1. Hi Dean,

      We don’t do any breeding so don’t have any purebreds such as Silkies at this stage. Have a Google around and see what might come-up.



    2. Hi Dean,
      We have a flock that includes sweet silkies. I was told they are standard sized. We are in Victoria and have made the acquaintance of the very hard-working Farmer Bill of Fancy Chooks Newstead. His farm is near Castlemaine. He, his lovely wife, and business partner (Graeme) assisted us greatly in selling us our lovely 5 silkie girls. They are just over 2 years old and each laying one egg every second or third day. And that’s when they’re not broody (in which case laying is out of the question – !) but we don’t mind because they are our pets. Farmer Bill attends farmers markets in Victoria, alternating between Riddells Creek Market, Macedon Market, etc on the days they have a stall, at least twice a month. They usually have a minimum of 5 silkies for sale each market day, often with more back at his Newstead farm to choose from. If you live in Victoria, and haven’t cared for silkies before, please feel free to ask any questions. I’m still learning, but there are a few things I wish I’d known before we bought the silkie girls. Best of luck! Liz

  3. What are the lifespan for Hyline Browns? Are they friendly with toddlers/kids? Can I mix them with Buff Orpingtons and Speckled Sussex? Or would there be an issue since those two breeds are really docile? Thank you

    1. Hi Deanna,

      Hy-Line Browns live to about five years of age all going well and will lay more than most other breeds due to not going into a moult or going broody. They are extremely good with toddlers and young children which is the main reason we only sell the Hy-Line at this stage.

      Many of our customers introduce hens to their flocks at some stage and a lot of the time there are no issues beyond a three-day settling-in period. There is always the “packing-order” but there are a few ways to reduce any overly-aggressive behaviour if needed.


    1. Hi Victoria,

      We don’t normally have any issues with broody hens as we have hybrids where broodiness has largely been bred-out. Purebreds are much more likely to go broody as it is quite normal for most hens and you can do the following to encourage them to “snap out” of it:

      * Constantly disrupt or move them off the nest if they are sitting on eggs
      * Cool them down by placing them in a cage at times during the day to enable cool air to flow over their underside and top areas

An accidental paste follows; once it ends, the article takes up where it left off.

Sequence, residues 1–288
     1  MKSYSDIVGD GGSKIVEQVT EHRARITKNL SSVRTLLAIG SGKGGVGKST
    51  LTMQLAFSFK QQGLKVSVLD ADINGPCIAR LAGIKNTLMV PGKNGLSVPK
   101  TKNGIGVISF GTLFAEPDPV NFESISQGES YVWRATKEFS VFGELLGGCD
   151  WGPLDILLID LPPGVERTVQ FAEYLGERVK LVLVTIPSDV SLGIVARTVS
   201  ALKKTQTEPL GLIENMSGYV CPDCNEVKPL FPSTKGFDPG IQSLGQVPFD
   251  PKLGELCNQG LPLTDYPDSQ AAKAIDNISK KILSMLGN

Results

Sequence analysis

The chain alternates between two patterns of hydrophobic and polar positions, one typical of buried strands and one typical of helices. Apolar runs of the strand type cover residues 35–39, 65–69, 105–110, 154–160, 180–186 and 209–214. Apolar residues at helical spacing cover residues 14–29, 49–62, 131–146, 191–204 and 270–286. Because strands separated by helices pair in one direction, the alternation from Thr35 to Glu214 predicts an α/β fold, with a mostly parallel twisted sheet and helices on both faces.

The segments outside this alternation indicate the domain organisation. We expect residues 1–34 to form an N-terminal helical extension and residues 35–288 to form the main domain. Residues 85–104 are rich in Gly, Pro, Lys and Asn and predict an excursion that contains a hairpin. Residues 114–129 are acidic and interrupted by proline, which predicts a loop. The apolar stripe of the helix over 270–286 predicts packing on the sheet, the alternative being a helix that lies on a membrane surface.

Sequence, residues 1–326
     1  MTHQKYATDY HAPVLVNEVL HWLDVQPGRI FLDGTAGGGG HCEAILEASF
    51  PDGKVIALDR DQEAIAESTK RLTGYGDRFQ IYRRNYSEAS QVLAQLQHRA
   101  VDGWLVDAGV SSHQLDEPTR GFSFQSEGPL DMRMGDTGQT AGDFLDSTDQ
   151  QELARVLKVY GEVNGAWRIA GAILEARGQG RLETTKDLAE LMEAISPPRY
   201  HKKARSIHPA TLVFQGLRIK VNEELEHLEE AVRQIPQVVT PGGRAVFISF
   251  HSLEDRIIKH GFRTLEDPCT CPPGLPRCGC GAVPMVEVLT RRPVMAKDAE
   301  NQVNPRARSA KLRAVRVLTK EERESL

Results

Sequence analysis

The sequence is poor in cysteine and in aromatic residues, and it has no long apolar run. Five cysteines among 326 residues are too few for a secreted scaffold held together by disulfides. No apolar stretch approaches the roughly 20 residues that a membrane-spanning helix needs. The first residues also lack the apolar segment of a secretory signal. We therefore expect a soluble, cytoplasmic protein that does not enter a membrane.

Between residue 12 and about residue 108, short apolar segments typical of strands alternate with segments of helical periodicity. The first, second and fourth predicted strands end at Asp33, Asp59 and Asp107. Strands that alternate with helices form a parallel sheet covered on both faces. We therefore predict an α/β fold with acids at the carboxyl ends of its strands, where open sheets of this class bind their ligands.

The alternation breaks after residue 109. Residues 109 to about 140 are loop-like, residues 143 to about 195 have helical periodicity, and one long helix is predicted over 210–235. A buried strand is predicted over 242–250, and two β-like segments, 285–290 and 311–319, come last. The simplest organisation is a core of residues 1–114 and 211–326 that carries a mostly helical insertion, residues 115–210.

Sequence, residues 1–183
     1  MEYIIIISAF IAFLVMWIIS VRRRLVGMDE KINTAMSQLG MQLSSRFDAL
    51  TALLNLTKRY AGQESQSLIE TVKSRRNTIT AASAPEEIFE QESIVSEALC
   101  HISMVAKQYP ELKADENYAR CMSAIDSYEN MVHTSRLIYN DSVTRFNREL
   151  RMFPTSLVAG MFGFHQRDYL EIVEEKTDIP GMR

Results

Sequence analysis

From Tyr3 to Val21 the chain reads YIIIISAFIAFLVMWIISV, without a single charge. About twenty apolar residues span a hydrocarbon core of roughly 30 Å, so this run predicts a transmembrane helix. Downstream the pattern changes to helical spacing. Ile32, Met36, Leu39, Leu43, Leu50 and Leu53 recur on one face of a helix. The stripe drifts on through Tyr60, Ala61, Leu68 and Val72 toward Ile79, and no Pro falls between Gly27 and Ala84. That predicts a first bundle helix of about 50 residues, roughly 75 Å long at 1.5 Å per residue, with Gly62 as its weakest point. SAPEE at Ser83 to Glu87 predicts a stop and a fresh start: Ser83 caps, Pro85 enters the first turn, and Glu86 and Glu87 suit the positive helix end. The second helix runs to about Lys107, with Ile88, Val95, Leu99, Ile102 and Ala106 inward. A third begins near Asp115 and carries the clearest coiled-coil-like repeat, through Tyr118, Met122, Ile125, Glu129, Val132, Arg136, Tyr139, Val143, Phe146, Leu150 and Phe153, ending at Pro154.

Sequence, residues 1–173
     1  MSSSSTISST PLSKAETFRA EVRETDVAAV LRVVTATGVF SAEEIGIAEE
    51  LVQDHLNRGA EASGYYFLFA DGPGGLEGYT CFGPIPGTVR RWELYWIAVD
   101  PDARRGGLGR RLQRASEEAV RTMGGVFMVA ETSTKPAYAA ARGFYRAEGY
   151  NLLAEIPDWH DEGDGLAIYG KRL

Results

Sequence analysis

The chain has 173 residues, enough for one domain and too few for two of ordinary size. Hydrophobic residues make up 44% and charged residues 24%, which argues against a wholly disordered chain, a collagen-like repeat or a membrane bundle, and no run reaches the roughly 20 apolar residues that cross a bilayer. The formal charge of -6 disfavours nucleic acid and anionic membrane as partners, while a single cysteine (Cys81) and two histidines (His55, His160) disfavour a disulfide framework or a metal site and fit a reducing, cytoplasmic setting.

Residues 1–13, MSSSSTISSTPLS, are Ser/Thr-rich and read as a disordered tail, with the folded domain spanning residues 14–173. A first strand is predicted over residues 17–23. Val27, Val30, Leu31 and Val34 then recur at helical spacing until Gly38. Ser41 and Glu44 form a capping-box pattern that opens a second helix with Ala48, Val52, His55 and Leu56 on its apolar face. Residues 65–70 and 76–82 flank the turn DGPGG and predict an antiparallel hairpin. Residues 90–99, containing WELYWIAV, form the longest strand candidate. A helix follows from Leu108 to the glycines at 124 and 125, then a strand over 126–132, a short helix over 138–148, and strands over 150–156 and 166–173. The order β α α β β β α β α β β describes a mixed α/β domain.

I hope that helps.

  4. Hi, we have 2 HyLine Brown hens in our backyard. We got them just before point of lay and they are now approx 5months old. Very friendly and healthy. But they started laying for a few weeks and then stopped. One hen occasionally still lays an egg, the other one doesn’t. We are sure there are no birds or other animals taking the eggs. They have a really nice and large chookhouse, with perches and 3 nesting boxes. We give them grains and pellets, kitchen scraps and green grass. I am at a complete loss to why they are not laying and would appreciate any help here. We had Is a Browns before and never had this issue. Thank you! Cheers Beate

    1. Hi Beate,

      Thank you for your comment. Depending on where you purchased your hens from, they may or may not be Hy-Line’s. It’s important to know exactly where you hens come from along with what vaccinations have been given. It’s actually illegal to breed Hy-Line’s or ISA Browns but some do and compromised hens will be the result.

      I would firstly, clean-up the diet as a Hy-Line is the best laying breed in the world for a reason and must be fed a high-grade diet with few scraps (if any), no pellets and a 17%+ protein laying mash. The time of the year also affects the onset of lay to a large degree and with a low-grade diet and short day length in Autumn, the pullets will struggle to “switch” into egg-laying mode.

      If it is at all possible, I would install a LED light strip in their coop attached to a solar panel and timer to give them a 16-hour day. When combined with a good diet, they will have the very best chance of laying. If the hens are, in-fact a genuine Hy-Line, they should start laying then continue for the next two-years.